Coronavirus – how will you use this time?

In light of the current Covid-19 pandemic I have recently found myself wondering how our drastically altered lifestyles are affecting us all at an emotional level. And I don’t just mean the obvious anxieties we hold around our employment, finances, housing, food access or health either.

My thoughts are turned more towards what happens when we remove our go-to coping strategies which occupy much of our time; our work, spending, shopping, socialising, leisure time and all other forms of distractions. I recently read a comment by a psychoanalysist who suggested that we will all project our biggest fears onto this virus, and from observations in my daily and clinical life I tend to feel this is a fairly accurate statement.

I am witnessing a great number of individuals in unhappy or unsatisfying relationships being forced to spend time with one another, with no means of getting away or consciously dissociating from their problems.

We are being called upon to tackle our elephants in the room.

In my view, this gives us a number of options to consider. Do we fully address the personal and interpersonal challenges in a constructive way, abandon ship, or continue to put our hands over our eyes and ears pretending everything is normal? Undoubtedly this incredibly trying time calls for each of us to pull on our inner and outer resourcefulness and compile an emotional and practical stock-take of all the things that serve (and no longer serve) our needs.

There has never been a better time to get the psychological house in order, utilise our time wisely, reflect, and plan for the future. Are you happy? What do you need? Where do you want to be? These are all areas of our lives which require (and deserve!) our attention as we contend with taking the difficult immediate steps to ensure our current safety and survival.

Perhaps some good can come of this crisis, that we may find an improved version of ourselves, focused more inwards on our spiritual and emotional well-being, rather than reaching for endless distractions to unsuccessfully plug the hole.

I hope you stay safe and wish you well.

Take care,

Steph x

Therapy and Improv

Growing up I used to do a fair old bit of acting. I joined the Northern Kids Theatre Company in my teen years and even did an audition for Children’s Ward (big time league, right there). Sadly, Jane ‘Corrie’ Danson got the main part and my acting career was relegated to that of a more supportive nature (walking past a child faking an asthma attack).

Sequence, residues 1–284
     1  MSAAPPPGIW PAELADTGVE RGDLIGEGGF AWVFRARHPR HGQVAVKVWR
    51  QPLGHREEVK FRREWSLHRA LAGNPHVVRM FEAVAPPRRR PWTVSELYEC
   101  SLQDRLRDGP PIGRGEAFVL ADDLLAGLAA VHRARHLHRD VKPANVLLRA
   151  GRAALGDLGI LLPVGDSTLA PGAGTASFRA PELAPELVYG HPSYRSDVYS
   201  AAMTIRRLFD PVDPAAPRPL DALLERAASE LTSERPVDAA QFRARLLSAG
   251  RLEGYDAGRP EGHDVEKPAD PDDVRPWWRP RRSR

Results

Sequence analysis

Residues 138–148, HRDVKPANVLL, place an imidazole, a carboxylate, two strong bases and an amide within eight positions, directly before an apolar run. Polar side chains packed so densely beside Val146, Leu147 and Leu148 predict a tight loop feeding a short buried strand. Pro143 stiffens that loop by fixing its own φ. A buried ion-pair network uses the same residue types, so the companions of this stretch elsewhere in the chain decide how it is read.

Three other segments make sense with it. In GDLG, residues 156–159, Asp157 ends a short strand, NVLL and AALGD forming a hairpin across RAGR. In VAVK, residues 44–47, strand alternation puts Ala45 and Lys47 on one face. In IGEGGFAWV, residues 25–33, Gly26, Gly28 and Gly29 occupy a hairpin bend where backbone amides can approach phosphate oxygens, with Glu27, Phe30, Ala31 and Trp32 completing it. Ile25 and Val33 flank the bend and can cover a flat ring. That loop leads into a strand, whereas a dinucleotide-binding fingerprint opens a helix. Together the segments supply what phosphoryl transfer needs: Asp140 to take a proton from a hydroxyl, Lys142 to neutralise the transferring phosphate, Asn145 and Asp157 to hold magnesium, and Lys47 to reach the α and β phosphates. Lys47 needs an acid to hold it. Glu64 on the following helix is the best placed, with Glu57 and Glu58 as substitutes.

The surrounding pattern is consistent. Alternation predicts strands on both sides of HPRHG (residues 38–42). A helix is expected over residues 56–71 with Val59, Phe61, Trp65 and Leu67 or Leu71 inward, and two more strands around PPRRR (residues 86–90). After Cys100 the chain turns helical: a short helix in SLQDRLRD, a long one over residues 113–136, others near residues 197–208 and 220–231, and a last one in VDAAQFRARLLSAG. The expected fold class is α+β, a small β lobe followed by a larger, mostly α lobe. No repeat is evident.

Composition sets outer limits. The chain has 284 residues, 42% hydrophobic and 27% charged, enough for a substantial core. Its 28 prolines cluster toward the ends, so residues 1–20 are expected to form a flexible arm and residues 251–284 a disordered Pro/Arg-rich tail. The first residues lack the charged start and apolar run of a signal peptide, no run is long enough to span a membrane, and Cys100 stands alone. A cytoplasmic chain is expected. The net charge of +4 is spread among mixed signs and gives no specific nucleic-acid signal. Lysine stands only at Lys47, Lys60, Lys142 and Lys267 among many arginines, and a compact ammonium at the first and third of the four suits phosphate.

Part of the reason I never pursued the footlights is because I am not a natural extrovert. Whilst I love singing, dancing and all things comedy I don’t really like being watched.

Whilst training to be a therapist, like many others, I shuddered at the idea of observational skills development class. All those beady eyes with the potential to judge. I nursed myself through this awkward period knowing that real-life therapy situations don’t involve having an audience grade you and put it all down to newbie nerves.

However thousands of flying hours later I still have the same mild dissociative feelings before I meet with a client even if we have a well-established long-term relationship. It quickly vanishes once we get into the soup but breathing exercises and grounding techniques do nothing to help (rather bloody annoying given this late stage in the game).

The more I pick this apart the more I see the links between therapy and improv. The counselling room is the stage and the two people sat facing are the actors. Neither one of us knows what will come up in the next hour and there are no edits. This stuff is real. Things could and will and have to get messy. 

Directional and manual-based practitioners may be missing out on these kind of heady pre-gig nerves with their plans and scripts but for me it is a constant daily theme. I’m comfortable sharing this experience with my clients and find that being appropriately honest about my own human-ness, vulnerability and dismantling the therapist-as-expert myth can really help to deepen the connection.

I’m curious to see how many other professionals feel something akin to stage anxiety and discover how they deal with it in everyday practice. Not speaking the name of the Scottish play does little to reduce my thespian (therapian) jitters.

How understanding ARRESTED DEVELOPMENT can heal us from childhood trauma

New video blog uploaded:

Looking at how understanding ARRESTED DEVELOPMENT can help us to heal from childhood trauma.

When we’ve experienced childhood trauma it can be really difficult to break free from its devastating impact even many years down the line. It might make little or no sense to us why someone who was supposed to nourish and protect us could behave so cruelly, and we may find ourselves stuck in a place of deep anger, resentment, bitterness, pain and confusion.

Whilst this video isn’t a magic-wand solution in freeing ourselves from trauma (we still have to do the healing work which takes time, compassion, bags of self-love and patience) I really do hope that by understanding a little bit about arrested development you may regard it as a healing tool on your journey in the way I have.